Publication: Monitor Volume: 3 Issue: 239

According to Russian defense minister Igor Sergeev, creation of a "single defense space" of Russia and Belarus, and the agreements to that effect signed on December 19 in Minsk, represent the military dimension of the Russia-Belarus Union. Belarusan president Alyaksandr Lukashenka similarly stated on the occasion that the agreements aim to defend "our common fatherland and the borders of the Russia-Belarus Union." (Radio Minsk, December 19)

Sergeev and Belarusan defense minister Aleksandr Chumakov (a native of Russia) signed a package of nine military agreements. The subject matter — though not the actual content — of five of the agreements has been revealed: these deal with the principles of bilateral military cooperation, joint actions to ensure regional security, unification of air defense forces, military-industrial cooperation, and the creation and work plan of a joint "kollegium" [top-level policy and management board] of the two countries’ Defense Ministries.

One or several of the agreements cover the use of military airports, testing ranges, and other military facilities in Belarus by Russian forces jointly with Belarusan forces. Sergeev stated that Russia "does not plan to station its forces in Belarus inasmuch as NATO has pledged not to station its forces in Poland, the Czech Republic, and Hungary." Members of his delegation stated more directly that Russian "Russian military groupings may be deployed in Belarus in response to crisis warnings." This suggests that Moscow currently plans to move units from time to time in and out of Belarus for exercises, and that it wants to signal that it may station its forces in Belarus if NATO forces are deployed in the new member countries.

According to Russian General Staff officials accompanying Sergeev, the "single defense space" will encompass the entire territory of Belarus and the western regions of Russia. The same officials stated that the Belarusan armed forces "currently possess sufficient amounts of modern arms and hardware" — apparently an indication that Moscow does not have immediate plans to resupply the Belarusan forces.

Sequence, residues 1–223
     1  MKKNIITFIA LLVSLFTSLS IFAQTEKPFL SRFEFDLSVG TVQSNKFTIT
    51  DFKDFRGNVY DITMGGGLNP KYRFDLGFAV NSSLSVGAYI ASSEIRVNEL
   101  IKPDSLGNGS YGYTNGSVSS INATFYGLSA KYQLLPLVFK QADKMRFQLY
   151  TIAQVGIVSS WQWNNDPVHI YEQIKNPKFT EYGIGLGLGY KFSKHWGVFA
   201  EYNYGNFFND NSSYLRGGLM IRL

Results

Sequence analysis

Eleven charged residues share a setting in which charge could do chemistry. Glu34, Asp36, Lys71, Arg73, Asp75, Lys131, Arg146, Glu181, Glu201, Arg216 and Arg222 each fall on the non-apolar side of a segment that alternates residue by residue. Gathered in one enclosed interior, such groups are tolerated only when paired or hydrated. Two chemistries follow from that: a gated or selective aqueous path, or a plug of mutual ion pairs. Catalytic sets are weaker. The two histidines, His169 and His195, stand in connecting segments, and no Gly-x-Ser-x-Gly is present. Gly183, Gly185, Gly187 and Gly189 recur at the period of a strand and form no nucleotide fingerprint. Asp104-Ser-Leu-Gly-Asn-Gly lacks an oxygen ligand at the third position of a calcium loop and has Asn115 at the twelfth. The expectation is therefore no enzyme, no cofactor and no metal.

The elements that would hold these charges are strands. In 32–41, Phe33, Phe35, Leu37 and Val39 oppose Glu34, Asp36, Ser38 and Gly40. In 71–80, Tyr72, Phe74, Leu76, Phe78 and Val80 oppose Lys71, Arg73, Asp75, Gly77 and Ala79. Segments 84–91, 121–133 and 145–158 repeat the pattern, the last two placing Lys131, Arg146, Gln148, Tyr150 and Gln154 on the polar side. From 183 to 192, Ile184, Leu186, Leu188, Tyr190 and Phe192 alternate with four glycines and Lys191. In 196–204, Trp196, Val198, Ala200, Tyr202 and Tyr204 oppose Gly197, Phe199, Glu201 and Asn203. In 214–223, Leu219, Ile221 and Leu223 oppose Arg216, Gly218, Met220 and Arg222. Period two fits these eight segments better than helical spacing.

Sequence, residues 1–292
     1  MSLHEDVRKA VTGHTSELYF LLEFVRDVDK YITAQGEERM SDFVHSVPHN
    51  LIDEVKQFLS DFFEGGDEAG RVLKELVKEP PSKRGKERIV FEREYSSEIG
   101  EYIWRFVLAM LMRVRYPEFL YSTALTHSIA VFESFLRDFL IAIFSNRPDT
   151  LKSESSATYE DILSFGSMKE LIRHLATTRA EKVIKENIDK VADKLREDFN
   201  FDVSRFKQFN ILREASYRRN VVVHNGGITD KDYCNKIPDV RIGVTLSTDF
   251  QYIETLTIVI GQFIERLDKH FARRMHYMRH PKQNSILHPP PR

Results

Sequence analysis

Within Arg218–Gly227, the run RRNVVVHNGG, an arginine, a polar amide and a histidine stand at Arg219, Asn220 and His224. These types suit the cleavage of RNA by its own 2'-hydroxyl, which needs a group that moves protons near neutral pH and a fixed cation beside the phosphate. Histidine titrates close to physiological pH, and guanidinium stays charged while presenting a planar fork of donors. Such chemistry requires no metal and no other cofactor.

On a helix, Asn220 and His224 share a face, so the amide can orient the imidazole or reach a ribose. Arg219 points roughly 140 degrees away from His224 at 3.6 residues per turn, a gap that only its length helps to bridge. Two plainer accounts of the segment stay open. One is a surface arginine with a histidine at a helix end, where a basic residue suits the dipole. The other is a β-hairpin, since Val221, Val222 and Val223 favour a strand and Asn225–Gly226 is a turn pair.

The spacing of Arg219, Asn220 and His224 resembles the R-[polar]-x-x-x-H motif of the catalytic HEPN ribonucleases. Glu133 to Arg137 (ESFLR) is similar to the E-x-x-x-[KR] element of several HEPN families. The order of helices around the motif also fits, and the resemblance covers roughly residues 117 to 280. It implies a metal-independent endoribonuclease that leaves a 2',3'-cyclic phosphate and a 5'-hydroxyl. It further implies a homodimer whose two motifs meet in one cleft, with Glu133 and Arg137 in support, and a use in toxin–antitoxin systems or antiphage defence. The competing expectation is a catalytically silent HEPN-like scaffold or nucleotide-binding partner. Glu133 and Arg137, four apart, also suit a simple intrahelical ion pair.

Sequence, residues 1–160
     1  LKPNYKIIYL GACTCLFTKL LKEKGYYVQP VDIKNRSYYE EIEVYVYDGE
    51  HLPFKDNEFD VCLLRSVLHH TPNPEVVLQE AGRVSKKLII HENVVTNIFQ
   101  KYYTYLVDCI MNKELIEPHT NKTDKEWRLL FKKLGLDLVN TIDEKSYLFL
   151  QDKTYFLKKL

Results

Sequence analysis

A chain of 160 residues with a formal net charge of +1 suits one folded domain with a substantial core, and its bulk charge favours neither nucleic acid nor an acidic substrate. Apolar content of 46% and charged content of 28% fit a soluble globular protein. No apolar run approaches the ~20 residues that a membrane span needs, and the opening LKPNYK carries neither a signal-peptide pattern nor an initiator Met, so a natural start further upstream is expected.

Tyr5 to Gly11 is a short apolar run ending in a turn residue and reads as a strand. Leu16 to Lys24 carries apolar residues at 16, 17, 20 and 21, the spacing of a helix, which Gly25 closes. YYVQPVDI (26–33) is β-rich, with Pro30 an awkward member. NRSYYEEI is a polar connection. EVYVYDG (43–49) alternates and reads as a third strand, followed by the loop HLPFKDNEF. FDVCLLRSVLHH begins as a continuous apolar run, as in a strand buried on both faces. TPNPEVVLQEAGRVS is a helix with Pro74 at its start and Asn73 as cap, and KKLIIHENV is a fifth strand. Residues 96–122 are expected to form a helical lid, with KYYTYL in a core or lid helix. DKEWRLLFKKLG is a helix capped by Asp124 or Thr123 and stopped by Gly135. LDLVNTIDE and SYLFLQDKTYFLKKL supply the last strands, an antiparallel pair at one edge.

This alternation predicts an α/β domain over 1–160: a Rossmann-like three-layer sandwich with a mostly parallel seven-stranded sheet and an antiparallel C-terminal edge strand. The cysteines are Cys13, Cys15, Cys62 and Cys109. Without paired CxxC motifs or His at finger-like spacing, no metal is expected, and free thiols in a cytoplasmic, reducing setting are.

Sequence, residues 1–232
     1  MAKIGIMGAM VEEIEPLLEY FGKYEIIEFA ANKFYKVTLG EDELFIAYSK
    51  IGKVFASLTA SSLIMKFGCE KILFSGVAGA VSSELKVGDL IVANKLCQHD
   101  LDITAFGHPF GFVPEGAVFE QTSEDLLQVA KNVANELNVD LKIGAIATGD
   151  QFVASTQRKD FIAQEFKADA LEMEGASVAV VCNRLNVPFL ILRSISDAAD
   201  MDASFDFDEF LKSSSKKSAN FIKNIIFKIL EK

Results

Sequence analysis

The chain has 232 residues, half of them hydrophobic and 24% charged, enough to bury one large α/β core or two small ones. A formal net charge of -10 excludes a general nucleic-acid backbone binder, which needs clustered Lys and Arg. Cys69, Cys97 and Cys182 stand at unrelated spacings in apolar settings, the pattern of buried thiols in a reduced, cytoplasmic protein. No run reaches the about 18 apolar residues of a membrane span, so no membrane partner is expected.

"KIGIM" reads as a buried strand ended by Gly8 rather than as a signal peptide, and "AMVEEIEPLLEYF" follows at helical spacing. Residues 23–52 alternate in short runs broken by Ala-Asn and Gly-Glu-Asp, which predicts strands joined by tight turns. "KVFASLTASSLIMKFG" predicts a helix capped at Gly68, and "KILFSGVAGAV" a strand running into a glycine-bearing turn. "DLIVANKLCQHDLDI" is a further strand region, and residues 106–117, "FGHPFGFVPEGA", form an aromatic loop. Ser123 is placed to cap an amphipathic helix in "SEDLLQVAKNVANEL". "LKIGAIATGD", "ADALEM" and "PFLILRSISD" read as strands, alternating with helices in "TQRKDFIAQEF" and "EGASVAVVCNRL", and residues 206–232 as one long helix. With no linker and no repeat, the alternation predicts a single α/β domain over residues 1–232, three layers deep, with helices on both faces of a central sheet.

Sergeev presented Russia-Belarus military cooperation as a response to "NATO’s eastward movement and to the U.S. policy aiming at world leadership by a single country." Disclaiming any intention to "surprise" NATO, he hoped that the alliance would accept this development "with understanding." (Russian agencies, December 19, 22)

In a follow-up statement, Chumakov announced that the National Security Council of Belarus is finalizing a new military doctrine, to supersede the one adopted in 1992. He specified that the new doctrine will reflect the emergence of Russia-Belarus Union. (Itar-Tass, December 21) The 1992 military doctrine had been predicated on the neutrality of Belarus.

That neutrality is being rapidly nullified by the Russia-Belarus Union and its growing military component. This lends a farcical note to the recent acquisition by Belarus of observer status in the "nonalignment movement," which came thanks to Russian and Cuban support.

Political Relations Also Warming.